[t]he ERC891 provides an extension for ERC20 tokens that adds an interface for distribution. ERC20 tokens are often distributed via auctioning or airdrop, both of which fueled a bubble during 2017 and empowered exit scammers. With ERC891, the distribution model can be adjusted between the traditional ICO model and fully decentralized, PoW distribution.
There are many different ways to implement your own version of ERC891, ranging from pure PoW to pure pre-mine. For simplicity, I will explain how the pure PoW implementation works, since the hybrid models simply split the distribution.
The idea behind this ERC came from the need to generate random numbers on-chain. DApp programmers should know the nuances and caveats behind trying to perform RNG on-chain, but users should simply know that there is no way of implementing pure RNG on-chain. The solution was to shift the problem’s perspective and use randomness in a different way.
Simply stated, ERC891 leverages on the only true RNG around Ethereum: private key mappings. Instead of rolling a dice and asking everyone to verify the roll, private key mappings to addresses implicitly do that already. In the case of CehhCoin, a miner needs to find a private key that rolls into an address that ends with the highest number possible. With that roll, the miner already proved that the address was found by him, and we all know that we can’t map addresses to private keys.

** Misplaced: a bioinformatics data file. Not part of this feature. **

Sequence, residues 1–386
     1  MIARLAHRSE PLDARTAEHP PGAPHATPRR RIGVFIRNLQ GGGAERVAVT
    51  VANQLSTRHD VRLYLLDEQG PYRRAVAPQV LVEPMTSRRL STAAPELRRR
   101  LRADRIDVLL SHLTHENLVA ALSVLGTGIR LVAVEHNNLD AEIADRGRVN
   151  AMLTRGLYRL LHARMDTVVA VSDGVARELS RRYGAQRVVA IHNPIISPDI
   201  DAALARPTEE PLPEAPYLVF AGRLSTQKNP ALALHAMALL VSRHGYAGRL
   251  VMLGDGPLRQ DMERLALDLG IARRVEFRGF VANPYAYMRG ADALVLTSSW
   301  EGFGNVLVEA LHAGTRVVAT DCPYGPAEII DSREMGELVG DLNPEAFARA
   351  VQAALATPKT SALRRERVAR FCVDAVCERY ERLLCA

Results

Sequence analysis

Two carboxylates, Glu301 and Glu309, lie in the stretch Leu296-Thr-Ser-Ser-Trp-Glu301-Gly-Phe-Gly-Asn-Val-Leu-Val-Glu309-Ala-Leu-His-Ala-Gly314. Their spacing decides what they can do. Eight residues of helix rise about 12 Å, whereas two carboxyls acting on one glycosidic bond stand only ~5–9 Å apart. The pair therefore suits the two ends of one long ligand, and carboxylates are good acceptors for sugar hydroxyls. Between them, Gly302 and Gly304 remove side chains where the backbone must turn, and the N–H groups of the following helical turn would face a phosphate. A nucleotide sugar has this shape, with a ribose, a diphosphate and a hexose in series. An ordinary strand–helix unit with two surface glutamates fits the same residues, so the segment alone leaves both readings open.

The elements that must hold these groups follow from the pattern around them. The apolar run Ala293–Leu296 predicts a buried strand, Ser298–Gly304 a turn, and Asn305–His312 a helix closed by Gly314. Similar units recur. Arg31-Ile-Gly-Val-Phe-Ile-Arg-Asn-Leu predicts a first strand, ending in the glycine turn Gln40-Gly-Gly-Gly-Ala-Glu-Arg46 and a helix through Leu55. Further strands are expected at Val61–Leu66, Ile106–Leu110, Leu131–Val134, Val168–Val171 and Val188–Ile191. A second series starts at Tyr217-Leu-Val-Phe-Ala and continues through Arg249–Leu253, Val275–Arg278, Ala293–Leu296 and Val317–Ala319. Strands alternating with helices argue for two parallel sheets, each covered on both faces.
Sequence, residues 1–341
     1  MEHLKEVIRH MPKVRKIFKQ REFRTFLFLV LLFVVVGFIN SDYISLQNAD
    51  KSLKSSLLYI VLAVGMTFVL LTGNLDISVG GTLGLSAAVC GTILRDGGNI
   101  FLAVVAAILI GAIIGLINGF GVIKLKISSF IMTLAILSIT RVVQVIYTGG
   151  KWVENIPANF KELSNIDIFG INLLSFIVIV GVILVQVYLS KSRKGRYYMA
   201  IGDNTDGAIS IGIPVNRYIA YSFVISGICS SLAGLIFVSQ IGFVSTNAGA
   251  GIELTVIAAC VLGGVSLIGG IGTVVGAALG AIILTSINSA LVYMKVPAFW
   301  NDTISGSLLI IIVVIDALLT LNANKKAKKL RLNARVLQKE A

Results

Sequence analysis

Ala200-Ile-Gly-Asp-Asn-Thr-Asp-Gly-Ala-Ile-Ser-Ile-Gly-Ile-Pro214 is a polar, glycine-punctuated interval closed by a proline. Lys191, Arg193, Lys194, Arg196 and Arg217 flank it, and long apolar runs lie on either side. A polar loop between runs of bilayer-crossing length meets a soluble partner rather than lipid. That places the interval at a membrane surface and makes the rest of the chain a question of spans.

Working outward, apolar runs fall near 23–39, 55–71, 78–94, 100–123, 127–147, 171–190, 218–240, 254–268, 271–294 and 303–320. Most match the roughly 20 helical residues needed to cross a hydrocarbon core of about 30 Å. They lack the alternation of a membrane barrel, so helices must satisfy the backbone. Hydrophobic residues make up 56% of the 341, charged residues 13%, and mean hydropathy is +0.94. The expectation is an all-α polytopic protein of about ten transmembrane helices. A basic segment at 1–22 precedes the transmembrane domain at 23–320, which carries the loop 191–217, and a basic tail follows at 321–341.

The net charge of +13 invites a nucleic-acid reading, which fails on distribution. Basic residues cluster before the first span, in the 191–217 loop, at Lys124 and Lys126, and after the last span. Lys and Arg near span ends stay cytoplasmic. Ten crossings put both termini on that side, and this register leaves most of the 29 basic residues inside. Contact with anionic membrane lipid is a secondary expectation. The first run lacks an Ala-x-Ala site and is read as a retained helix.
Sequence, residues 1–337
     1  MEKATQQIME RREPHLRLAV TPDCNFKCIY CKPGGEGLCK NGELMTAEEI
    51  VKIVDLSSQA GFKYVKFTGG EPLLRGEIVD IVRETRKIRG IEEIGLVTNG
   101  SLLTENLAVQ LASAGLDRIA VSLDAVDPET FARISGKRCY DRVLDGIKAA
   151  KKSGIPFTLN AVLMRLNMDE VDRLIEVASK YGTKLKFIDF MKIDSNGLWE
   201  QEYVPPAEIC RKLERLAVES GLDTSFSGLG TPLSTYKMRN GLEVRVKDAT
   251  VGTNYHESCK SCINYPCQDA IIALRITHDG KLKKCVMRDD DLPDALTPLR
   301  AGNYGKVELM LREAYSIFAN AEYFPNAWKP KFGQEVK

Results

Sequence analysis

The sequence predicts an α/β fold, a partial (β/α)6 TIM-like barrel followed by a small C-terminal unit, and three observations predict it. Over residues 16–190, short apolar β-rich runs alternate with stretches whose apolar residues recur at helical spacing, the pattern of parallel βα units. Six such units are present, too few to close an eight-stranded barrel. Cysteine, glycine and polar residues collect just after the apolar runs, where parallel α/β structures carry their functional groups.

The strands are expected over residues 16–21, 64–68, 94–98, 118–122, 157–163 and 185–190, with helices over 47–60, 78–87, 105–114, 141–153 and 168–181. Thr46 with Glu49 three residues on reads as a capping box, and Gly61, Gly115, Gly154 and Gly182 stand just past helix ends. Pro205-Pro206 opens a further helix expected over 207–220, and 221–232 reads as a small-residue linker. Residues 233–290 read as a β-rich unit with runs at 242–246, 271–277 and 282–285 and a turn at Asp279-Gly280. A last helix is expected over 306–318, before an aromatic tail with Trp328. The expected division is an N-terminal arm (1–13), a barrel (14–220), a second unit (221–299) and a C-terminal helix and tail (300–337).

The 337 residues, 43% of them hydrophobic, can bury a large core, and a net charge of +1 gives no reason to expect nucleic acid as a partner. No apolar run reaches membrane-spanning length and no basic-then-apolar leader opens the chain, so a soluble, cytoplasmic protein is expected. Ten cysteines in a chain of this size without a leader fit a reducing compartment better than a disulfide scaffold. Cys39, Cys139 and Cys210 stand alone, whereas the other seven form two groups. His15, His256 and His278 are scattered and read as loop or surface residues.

In the specific case of CehhCoin, the amount of CEHH that an address holds is equivalent to the last 8 bits of the address’s numeric value. The choice for this system was to make it accessible enough for users to be able to mine by hand, as well as variable enough to give miners an edge. In the end, CEHH’s economic model is inspired by its spiritual father, DogeCoin.
What makes CehhCoin transcend time and scaling is the nature of address mining. ERC891 uses the concept of PoW, but it doesn’t unnecessarily clone the block model. In fact, there is no point in building a fake blockchain on top of a blockchain. The core difference between blockchain PoW and ERC891 PoW is that blockchain PoW is sequential. Miners have a race condition to find a target difficulty, which globally resets after each victory. CehhCoin’s PoW doesn’t have a race condition. This means that regardless of whether the users are mining by testing addresses on MEW or using an ASIC, they are guaranteed to find some CEHH. The race for blocks changes to a race against inflation, somewhat like DOGE’s model, but asynchronously.
More importantly, CEHH doesn’t require a steady hashrate backing up the token. Miners can completely disappear one day and there will be no disturbance on the functioning of the contract. This is especially important because, as a token, we cannot expect the same treatment as a full blockchain. Token miners are meant to be those who ASICs and GPUs pushed away. We could even say CEHH follows Satoshi’s original vision of distribution.
I am not Satoshi Nakamoto by any stretch of the imagination, but the very least I can do as someone who respects the ideals he represents is to let CehhCoin be itself, not me. I wish there was a better way to raise awareness about the existence of CEHH without turning it into me. That’s why I’m asking you to be Cehhtoshi.
You are Cehhtoshi.